CORDIS - EU research results

Phthalocyanine-biopolymeric nanoparticle delivery systems for cancer photodynamic therapy

Project description

Nanoparticles for the delivery of photodynamic therapy agents

Photodynamic therapy (PDT) is a minimally invasive treatment that combines photosensitising drugs, oxygen and light to kill cancer cells. It is a selective approach with minimal side effects on normal tissues, offering a promising alternative to standard chemotherapy. Despite its approval for clinical use 20 years ago, PDT still finds limited use in most cancer types. The EU-funded BIOnanoPDT project proposes to incorporate phthalocyanine as the photosensitising drug into functionalised biodegradable polymeric nanoparticles to target tumour cells. This will help to address issues associated with the selectivity, aggregation and low water solubility of photosensitising drugs, enhancing the application of PDT in the clinic.


According to the World Health Organization cancer was responsible for approximated 9.6 million deaths in 2018 what is the reason of being one of the biggest civilizational health problem, just behind the heart diseases. The global objective of interdisciplinary BIOnanoPDT project is to develop novel biodegradable phthalocyanine (Pc)-polymeric nanoparticles (NPs) which enhance cancer photodynamic therapy (PDT).
Up to now, there is no ideal therapy for cancer treatment but among the others PDT presents several advantages, e.g. it is a selective treatment with less secondary effects than other therapies. This promising therapy combines three components: photosensitizer (PS), light and oxygen. 20 years ago PDT was approved by Food and Drug Admnistration as a clinical protocol for cancer treatment but it still have limitations to use it in all types of cancer. The development of new powerful PSs, which specifically target cancer cells, and can more deeply penetrate tissue allowing to treat large tumors is still a challenge.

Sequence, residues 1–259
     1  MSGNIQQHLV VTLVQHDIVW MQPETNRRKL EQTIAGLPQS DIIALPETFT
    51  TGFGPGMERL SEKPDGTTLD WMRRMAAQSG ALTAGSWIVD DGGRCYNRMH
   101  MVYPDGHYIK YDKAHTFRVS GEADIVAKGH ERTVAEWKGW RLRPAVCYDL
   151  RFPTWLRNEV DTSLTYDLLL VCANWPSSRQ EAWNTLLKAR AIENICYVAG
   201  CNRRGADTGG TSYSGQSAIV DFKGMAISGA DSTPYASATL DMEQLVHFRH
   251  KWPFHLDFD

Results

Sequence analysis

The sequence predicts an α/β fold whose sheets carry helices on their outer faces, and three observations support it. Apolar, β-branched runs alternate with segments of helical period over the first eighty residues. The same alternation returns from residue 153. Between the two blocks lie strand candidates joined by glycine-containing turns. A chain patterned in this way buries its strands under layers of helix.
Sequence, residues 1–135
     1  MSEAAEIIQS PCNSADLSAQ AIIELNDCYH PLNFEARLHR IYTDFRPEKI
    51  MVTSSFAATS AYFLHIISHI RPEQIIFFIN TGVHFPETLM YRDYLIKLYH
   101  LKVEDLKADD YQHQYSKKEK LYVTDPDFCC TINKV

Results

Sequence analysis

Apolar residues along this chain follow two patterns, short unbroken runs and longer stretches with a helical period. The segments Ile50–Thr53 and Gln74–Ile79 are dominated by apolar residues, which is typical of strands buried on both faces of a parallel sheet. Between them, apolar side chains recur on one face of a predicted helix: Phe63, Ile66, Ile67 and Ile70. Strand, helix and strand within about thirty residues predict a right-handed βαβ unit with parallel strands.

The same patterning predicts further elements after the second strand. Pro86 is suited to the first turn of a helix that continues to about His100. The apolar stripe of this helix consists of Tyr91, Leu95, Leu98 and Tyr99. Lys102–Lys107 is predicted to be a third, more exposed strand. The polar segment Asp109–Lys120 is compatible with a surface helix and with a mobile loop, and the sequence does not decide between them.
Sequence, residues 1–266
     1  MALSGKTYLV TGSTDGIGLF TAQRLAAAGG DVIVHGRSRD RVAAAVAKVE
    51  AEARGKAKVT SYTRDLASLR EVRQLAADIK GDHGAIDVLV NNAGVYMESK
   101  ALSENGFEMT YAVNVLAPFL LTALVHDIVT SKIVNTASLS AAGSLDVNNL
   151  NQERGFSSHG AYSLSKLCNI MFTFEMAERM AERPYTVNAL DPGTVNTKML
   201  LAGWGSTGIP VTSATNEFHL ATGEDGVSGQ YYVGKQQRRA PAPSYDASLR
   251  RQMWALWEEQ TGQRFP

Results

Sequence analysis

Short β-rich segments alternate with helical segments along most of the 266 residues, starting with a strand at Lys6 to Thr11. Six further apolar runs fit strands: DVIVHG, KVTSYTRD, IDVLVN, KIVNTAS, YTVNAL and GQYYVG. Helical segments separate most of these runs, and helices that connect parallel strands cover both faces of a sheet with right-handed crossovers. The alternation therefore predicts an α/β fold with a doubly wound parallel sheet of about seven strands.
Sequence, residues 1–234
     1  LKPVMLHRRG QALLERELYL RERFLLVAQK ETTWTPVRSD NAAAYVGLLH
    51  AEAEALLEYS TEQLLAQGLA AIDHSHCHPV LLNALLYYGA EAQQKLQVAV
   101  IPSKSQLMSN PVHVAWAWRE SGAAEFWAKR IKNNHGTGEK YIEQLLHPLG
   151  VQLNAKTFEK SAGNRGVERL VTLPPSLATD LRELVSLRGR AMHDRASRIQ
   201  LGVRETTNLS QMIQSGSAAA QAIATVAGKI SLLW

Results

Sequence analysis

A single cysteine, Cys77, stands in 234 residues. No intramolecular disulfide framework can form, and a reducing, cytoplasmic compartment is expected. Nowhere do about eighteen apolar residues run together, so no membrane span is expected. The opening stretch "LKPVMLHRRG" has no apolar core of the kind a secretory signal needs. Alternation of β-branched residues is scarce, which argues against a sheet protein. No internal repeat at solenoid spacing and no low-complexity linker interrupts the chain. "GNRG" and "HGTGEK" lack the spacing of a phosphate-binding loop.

Phthalocyanines (Pcs) are one of the most promising second generation PSs and meet many requirements for being ideal PSs. Unfortunately, very often Pcs are hydrophobic species and undergo self-aggregation in aqueous solutions, which drastically reduces their photosensitizing efficiency. In BIOnanoPDT project the limitations of Pcs will be overcame by tailoring their properties in terms of singlet oxygen generation and by incorporating them with polymer NPs which could improve their photophysical properties, selectivity for targeted tissues by surface modification, eliminate aggregation of the PSs and their low water solubility. Additionally, it can enhance the treatment by increasing the blood circulation and selective accumulation in tumor cells.
The BIOnanoPDT project will bring many innovations to the current cancer research by novel Pc-polymer NP hybrids for cancer PDT which will be an attractive alternative for conventional drugs.

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Net EU contribution
€ 149 625,60
41 819 Zabrze

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Makroregion południowy Śląskie Gliwicki
Activity type
Research Organisations
Total cost
€ 149 625,60